IMF is really good at fostering that kind of relationships between musicians – where people really support each other – through feedback, and in other ways. It’s been really hard to do this sort of thing in person during the pandemic, and I was really glad to find a community in the IMF discord. I think the discord platform is really well suited for music and collaboration.
I like to talk about music theory, and gear, and to give and listen to feedback, and other people like to do other things, and it just works well. I’m really impressed with IMF moderators and their ability to keep the community productive. It’s full of really enthusiastic and talented people.
Are you on other music Discords?
I’ve checked out other music discords. I’m still on several, but when I pop in, I just see a lot of people spamming, and I usually just want to leave.
I’ve been wanting to improve my video skills, and really start making music videos, and I’ve been searching for a discord community that might help me learn more, and I’ve been having a hard time finding one.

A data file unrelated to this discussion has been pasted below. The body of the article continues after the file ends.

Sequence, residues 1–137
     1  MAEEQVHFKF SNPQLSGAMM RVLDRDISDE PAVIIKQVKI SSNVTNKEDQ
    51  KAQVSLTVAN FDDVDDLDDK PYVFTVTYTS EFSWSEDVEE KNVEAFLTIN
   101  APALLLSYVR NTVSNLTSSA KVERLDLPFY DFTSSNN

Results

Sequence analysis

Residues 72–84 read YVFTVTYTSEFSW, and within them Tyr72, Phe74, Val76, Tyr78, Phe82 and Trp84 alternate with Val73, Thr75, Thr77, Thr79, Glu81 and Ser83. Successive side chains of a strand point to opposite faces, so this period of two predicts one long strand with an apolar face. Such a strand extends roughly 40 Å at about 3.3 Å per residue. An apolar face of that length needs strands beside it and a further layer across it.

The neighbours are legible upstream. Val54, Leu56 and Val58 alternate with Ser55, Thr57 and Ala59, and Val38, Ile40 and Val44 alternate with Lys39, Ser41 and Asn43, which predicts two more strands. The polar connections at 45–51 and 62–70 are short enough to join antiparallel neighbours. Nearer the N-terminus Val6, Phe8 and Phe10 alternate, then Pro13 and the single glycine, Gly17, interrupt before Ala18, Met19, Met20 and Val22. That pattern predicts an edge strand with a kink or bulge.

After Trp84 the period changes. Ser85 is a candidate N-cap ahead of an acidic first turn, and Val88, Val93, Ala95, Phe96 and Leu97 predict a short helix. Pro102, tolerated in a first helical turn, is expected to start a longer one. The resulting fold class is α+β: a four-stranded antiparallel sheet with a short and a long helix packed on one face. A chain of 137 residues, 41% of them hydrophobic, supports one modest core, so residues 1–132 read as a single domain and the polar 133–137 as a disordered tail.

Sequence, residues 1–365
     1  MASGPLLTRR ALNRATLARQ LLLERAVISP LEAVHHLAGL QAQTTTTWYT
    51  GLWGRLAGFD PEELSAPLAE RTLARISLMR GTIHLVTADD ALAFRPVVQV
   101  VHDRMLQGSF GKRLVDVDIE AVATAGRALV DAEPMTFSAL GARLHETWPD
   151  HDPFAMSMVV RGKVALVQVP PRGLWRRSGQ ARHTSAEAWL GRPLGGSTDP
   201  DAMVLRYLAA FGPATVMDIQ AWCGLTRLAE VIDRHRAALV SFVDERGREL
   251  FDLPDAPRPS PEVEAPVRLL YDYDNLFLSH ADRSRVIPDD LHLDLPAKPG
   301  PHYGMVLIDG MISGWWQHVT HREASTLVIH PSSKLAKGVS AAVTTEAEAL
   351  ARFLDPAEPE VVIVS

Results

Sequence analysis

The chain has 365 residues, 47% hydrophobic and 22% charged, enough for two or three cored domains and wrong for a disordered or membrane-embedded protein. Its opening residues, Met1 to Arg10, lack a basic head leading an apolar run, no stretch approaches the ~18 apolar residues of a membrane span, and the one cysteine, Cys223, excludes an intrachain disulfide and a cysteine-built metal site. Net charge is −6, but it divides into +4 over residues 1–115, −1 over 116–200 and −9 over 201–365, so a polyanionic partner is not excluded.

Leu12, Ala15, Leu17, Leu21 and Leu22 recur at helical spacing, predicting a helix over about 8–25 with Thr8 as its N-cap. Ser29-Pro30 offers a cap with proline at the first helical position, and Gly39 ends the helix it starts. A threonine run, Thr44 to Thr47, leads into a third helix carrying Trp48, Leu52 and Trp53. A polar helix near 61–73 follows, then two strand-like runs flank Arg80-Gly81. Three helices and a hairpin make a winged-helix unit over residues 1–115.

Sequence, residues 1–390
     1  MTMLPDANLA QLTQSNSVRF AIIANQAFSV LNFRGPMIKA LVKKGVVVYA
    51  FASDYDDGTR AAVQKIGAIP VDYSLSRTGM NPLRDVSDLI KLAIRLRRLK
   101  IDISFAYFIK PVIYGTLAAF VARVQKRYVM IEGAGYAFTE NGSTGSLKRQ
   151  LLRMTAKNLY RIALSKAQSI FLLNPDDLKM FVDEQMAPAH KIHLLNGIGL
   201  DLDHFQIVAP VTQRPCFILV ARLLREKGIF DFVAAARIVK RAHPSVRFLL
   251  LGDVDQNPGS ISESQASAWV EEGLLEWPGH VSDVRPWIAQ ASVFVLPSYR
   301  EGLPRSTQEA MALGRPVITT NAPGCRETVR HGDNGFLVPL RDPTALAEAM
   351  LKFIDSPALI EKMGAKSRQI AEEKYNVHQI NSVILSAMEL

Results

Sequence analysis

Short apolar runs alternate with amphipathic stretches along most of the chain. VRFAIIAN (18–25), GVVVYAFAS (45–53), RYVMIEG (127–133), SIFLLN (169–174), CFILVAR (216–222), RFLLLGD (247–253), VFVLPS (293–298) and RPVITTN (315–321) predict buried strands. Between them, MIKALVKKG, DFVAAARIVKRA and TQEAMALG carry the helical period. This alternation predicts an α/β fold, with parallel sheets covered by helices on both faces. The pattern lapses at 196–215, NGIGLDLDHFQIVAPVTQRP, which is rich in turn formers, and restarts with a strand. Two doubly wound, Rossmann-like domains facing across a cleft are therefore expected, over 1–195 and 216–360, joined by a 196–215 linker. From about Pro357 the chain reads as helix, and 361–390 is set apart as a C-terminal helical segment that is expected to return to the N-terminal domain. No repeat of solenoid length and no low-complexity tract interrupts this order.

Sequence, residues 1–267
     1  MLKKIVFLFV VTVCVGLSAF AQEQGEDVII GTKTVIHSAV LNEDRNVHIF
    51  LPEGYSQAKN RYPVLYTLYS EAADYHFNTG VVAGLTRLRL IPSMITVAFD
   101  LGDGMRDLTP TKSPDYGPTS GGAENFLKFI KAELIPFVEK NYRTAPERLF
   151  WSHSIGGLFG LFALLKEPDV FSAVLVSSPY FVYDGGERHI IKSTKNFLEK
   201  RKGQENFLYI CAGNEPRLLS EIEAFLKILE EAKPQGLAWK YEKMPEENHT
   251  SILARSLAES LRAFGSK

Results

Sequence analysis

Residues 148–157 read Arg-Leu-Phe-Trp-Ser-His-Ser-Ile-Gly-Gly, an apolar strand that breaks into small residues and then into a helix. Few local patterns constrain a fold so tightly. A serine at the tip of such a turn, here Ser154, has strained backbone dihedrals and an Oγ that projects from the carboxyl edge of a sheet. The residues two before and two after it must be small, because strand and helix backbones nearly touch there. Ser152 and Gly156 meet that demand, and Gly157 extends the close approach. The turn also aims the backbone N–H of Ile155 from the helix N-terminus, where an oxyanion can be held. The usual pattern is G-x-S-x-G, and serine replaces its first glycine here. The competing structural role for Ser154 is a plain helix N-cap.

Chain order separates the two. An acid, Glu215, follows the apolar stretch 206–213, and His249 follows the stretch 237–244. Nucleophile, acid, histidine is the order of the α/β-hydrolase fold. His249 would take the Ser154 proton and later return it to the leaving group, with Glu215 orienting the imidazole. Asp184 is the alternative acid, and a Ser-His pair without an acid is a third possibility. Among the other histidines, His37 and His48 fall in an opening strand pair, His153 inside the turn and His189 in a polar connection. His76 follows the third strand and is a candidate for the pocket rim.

I feel really strongly that everyone should be making video content to support their music. It’s important to have that visual component to get and keep people’s attention, and to make your music memorable. Everyone should buy a camera and learn this stuff. We’re visual, and so are our listeners.
I totally agree that my experience of watching music with a good video is much more engaging than listening to music alone, and I want to give listeners that experience as well.
The thing that’s brought me back to a place of creative energy has been experimenting with visuals and video. And people who are finding my videos are much more engaged – I’ve gotten great feedback from people about my music and my videos from people who just never cared about my work before. It’s fun!